I haven't readed the whole thing nor can find now the sections which can help you the most, some extractions noneless:
" Higher total fat diets can probably be consumed safely by active individuals while maintaining body weight. Although in longitudinal studies of weight gain, where dietary fat predicts weight gain independent of physical activity, it is important to note that physical activity may account for a greater percentage of the variance in weight gain than does dietary fat (Hill et al., 1989). Another endpoint that merits consideration is physical performance. High fat diets (69 percent of energy) do not appear to compromise endurance in trained athletes (Goedecke et al., 1999); however, athletes may not be able to train as effectively on short-term (less than 6 days) intakes of a high fat diet as on a high carbohydrate diet (Helge, 2000). This effect on training was not observed following long-term adaptation of high fat diets."
"As shown in Tables 9-5 through 9-8, no consistent significant associations have been established between dietary cholesterol intake and cancer, including lung, breast, colon, and prostate"
"The lack of consistency in observations relating dietary cholesterol intake to clinical cardiovascular disease and CHD endpoints may be due to many factors, including the limited ability to detect such effects (e.g., due to relatively small increases in LDL cholesterol concentration and inaccuracies in dietary intake data) and to the limited ability to distinguish the effects of dietary cholesterol independent of energy intake and other dietary variables that may be positively (e.g., saturated fat intake) or negatively (e.g., fiber intake) associated with dietary cholesterol and heart disease risk. Another uncertainty relates to interpreting the effects of dietary cholesterol on blood cholesterol concentrations. Evidence indicates that increased dietary cholesterol results, on average, in increased blood concentrations of both LDL and HDL cholesterol, and it is possible that the net impact on cardiovascular disease risk depends on the relative changes in these lipoproteins, as well as on other unmeasured mediators of atherogenesis. Finally, the considerable interindividual variation in lipid response to dietary cholesterol may result in differing outcomes in different populations or population subgroups."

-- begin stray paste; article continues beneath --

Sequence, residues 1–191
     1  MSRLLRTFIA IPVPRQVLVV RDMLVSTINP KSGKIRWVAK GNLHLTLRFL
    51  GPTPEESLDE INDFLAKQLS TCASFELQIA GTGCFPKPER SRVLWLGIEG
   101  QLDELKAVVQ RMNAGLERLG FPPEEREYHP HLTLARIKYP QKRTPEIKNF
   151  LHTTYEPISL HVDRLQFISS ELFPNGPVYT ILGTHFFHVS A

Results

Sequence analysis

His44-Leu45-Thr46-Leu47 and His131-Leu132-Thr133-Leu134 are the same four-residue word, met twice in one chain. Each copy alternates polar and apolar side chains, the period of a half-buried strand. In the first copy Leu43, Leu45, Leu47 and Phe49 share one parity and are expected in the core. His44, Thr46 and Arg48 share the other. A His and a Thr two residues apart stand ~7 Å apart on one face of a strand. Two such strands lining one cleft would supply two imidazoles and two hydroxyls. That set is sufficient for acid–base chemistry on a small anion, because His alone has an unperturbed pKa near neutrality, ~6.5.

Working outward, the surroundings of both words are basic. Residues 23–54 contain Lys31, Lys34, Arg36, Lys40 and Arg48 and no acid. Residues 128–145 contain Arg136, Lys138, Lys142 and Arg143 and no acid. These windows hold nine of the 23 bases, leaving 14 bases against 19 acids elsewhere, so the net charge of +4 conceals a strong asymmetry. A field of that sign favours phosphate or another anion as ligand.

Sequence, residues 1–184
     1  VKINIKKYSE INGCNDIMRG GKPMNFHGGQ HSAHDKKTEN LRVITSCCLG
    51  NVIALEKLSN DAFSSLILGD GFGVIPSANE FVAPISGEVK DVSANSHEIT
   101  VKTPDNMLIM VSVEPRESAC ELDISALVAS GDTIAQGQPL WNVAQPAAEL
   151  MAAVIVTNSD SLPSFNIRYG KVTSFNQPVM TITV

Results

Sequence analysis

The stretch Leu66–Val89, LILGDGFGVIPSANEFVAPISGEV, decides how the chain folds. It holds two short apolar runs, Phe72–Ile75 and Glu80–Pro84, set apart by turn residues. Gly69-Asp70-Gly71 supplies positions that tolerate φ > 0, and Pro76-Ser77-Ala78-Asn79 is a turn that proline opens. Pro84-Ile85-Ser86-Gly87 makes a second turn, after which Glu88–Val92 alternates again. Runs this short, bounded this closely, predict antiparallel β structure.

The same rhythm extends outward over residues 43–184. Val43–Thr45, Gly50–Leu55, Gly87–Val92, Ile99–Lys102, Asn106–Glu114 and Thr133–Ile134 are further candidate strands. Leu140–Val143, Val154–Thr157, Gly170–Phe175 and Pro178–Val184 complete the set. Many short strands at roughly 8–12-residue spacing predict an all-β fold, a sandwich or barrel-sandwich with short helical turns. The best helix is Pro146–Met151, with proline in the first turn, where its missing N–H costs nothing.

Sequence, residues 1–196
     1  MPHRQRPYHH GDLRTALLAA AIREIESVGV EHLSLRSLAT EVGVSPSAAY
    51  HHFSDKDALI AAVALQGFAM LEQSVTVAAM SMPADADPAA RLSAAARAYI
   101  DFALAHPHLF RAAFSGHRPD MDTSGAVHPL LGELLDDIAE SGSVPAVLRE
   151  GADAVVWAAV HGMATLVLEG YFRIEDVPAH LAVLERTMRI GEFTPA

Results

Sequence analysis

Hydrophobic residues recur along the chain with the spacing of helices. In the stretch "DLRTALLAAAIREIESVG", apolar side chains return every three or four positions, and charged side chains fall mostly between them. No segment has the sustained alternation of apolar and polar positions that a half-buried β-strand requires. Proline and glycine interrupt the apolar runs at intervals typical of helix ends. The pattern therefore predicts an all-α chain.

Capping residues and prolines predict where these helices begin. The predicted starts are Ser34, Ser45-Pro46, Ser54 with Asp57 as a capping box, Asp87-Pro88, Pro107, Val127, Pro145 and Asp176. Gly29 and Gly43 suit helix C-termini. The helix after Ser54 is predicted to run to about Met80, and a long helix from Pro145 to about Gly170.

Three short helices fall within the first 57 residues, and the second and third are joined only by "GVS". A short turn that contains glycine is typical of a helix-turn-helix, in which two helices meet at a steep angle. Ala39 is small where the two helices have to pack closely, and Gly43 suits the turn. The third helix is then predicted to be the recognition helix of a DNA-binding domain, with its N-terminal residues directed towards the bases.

"However, a number of other epidemiological studies have not demonstrated a significant independent relationship of dietary cholesterol intake and CHD (Esrey et al., 1996; Kromhout and de Lezenne Coulander, 1984; Pietinen et al., 1997; Posner et al., 1991). In a cohort of 43,757 male health professionals, dietary cholesterol intake was significantly related to age-adjusted risk for myocardial infarction and fatal CHD (p < 0.003 and 0.002, respectively) across cholesterol quintiles ranging from median intakes of 189 to 422 mg/d (Ascherio et al., 1996). However, the risk was attenuated with multivariate analyses (p < 0.07 and 0.03), which included other risk factors such as body mass index, smoking habits, alcohol consumption, physical activity, history of hypertension or high blood cholesterol, family history of myocardial infarction, and profession. The risk became insignificant after adjustment for fiber intake, which was reported to be significantly inversely related to CHD risk in this cohort."